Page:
Building » Stockton-on-Tees – St Joseph

Stockton-on-Tees – St Joseph

Ragworth Road, Norton, Stockton-on-Tees TS20

An interwar church built on the site of the stables and coach house of Ragworth Hall, in a simple revival style which contributes to the street scene in Norton. The interior was substantially reordered and a new parish hall built in 1993. The design standard of the new work is high, but apart from some historic fittings, the interior now has little heritage significance.  

Norton was a distinct medieval settlement, but is now subsumed into the urban area of Stockton. Catholics in Norton attended Mass at St Mary’s on Major Street until 1933. In 1926, Bishop Thorman bought Ragworth Hall and four acres of land from the Ropner family in order to build a school and church; Ragworth Hall was situated close to the present church, on the east edge of Norton. From 1933 Fr Thornton, the first parish priest, said Mass in the library of Ragworth Hall. St Joseph’s church opened in 1935, and was built on the site of the stables and coach house of Ragworth Hall. The old house was demolished and the adjacent school built in 1936.

In c1981 after the demolition of the Pugin & Pugin church of St Thomas of Canterbury at Port Clarence, some of the pews came here (others went to St Joseph’s, Billingham, qv).

The church was re-ordered in 1993, when the brick pillars in the nave were replaced with slender steel columns and a new sanctuary formed, located in the main body of the church. A new altar, ambo and font were made, using the alabaster from the old high altar and the presidential chair was formed from one of the old oak benches. An oak and bronze glass screen was placed across the old sanctuary arch, to form a separate Blessed Sacrament chapel. The newly reordered church was reopened by Bishop Swindlehurst on 23 April 1993. A parish hall, known as Thornton Hall, was built at the same time. A new porch was added to the church in 1998.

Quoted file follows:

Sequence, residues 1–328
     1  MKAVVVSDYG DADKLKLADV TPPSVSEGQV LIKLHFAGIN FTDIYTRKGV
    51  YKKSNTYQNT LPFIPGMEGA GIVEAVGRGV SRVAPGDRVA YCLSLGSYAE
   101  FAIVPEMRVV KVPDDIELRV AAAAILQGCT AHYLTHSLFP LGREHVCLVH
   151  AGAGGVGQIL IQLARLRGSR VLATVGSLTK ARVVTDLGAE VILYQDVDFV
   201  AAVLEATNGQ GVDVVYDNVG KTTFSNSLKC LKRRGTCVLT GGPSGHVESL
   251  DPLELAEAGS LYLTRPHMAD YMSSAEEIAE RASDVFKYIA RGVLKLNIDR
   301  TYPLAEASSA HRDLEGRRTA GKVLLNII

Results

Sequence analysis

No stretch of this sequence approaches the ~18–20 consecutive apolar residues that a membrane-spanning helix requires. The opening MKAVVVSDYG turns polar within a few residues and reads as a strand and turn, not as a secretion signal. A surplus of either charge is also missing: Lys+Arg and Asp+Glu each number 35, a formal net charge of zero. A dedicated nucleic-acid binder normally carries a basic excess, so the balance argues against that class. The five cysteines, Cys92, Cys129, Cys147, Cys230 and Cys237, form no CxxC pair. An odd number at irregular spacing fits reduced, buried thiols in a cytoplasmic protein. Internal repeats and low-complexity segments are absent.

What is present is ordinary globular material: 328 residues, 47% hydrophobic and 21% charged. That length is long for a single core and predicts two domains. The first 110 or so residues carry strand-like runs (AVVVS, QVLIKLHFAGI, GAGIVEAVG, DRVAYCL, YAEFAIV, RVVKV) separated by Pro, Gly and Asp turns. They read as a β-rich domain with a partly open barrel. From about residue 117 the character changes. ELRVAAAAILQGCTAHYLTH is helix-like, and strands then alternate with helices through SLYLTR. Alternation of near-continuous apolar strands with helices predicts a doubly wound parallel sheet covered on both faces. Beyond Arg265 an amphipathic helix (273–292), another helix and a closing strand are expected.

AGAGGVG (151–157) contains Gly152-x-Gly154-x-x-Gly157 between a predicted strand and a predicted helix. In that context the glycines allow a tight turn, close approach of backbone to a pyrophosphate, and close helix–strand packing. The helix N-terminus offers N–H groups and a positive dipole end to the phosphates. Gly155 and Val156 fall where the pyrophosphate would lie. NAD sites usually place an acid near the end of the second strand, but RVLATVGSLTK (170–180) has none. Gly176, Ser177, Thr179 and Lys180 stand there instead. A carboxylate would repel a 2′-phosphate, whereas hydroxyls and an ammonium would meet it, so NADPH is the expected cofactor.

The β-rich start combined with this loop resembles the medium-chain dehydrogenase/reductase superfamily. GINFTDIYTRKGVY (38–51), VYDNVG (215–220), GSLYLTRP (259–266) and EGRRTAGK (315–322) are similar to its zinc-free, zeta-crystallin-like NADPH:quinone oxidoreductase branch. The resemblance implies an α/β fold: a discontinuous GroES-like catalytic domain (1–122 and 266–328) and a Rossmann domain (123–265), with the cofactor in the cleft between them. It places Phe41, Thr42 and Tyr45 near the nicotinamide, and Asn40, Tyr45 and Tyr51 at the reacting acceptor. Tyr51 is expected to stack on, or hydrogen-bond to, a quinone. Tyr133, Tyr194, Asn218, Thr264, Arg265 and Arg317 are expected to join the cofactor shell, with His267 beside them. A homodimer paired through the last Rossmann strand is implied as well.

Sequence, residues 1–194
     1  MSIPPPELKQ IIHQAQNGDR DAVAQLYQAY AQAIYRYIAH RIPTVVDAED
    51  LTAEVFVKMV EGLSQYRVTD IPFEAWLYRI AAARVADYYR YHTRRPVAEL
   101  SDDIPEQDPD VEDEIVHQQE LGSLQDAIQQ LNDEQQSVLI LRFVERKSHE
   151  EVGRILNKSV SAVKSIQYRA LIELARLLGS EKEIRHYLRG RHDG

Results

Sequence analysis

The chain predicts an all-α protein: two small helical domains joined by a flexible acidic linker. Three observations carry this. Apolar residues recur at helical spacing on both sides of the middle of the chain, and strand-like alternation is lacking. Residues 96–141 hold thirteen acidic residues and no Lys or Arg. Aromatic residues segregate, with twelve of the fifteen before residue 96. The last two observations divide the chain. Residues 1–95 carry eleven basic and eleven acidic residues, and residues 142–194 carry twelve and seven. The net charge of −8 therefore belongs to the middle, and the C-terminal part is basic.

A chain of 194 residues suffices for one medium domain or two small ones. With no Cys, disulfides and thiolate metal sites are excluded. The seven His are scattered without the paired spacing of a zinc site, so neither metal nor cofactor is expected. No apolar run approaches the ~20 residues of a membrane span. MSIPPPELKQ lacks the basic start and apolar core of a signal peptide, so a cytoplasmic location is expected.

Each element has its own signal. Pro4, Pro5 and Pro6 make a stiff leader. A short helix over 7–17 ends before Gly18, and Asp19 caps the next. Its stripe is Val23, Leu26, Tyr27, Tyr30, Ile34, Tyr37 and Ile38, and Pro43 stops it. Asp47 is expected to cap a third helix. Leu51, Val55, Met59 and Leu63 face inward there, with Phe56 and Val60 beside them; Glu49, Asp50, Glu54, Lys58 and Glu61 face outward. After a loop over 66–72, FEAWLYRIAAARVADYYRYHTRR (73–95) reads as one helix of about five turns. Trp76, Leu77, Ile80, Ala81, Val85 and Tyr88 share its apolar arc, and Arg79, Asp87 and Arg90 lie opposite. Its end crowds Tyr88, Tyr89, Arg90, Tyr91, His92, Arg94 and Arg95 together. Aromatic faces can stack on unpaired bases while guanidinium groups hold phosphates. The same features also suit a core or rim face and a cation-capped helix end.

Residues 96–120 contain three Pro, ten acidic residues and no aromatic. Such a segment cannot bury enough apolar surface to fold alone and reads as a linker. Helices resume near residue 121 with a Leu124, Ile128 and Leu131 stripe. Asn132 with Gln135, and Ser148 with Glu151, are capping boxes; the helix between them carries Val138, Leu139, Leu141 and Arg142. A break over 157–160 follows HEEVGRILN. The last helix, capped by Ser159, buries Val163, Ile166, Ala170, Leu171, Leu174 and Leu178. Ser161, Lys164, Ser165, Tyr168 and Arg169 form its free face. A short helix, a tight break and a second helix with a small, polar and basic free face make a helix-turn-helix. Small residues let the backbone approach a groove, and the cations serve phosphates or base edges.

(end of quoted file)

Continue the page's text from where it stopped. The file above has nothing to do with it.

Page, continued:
The church is aligned with the sanctuary to the east end. The low, gabled building is roughly square on plan, with nave, aisles and gabled east transepts. The previous entrance was via a north porch (now blocked). All elements have pitched roofs except for the south aisle which has a flat roof behind a parapet. The exterior is finished in render with panels of roughcast between smooth pilasters, plinth and eaves bands. The pitched roofs are laid with Welsh slates, with coped verges and cast iron rainwater goods. Aisle windows are plain tall openings arranged in pairs, with margin leaded glazing. The west end has a circular window over a blocked doorway, flanked by tall windows. The entrance into the church is now via the 1998 porch from a paved courtyard on the southwest side of the church.

Inside, the church was structurally remodelled in 1993, when the arcade piers were replaced with open tubular steel supports. The reordering at the east end separated the former sanctuary and side chapels from the nave, using a new glazed screen; this area is now the Blessed Sacrament chapel. The walls and shallow barrel-vaulted nave ceiling are plain plastered, and the floor is carpeted. The altar is in a forward position at the east end of the nave; the marble liturgical fittings date from the 1990s. Fittings retained from the 1930s church include oak pews and some of the stained glass. Some high quality new windows were installed during the 1990s. Carved wooden statues of Our Lady and St Joseph were introduced in 1998.

Heritage Details

Architect: Not established

Original Date: 1935

Conservation Area: No

Listed Grade: Not Listed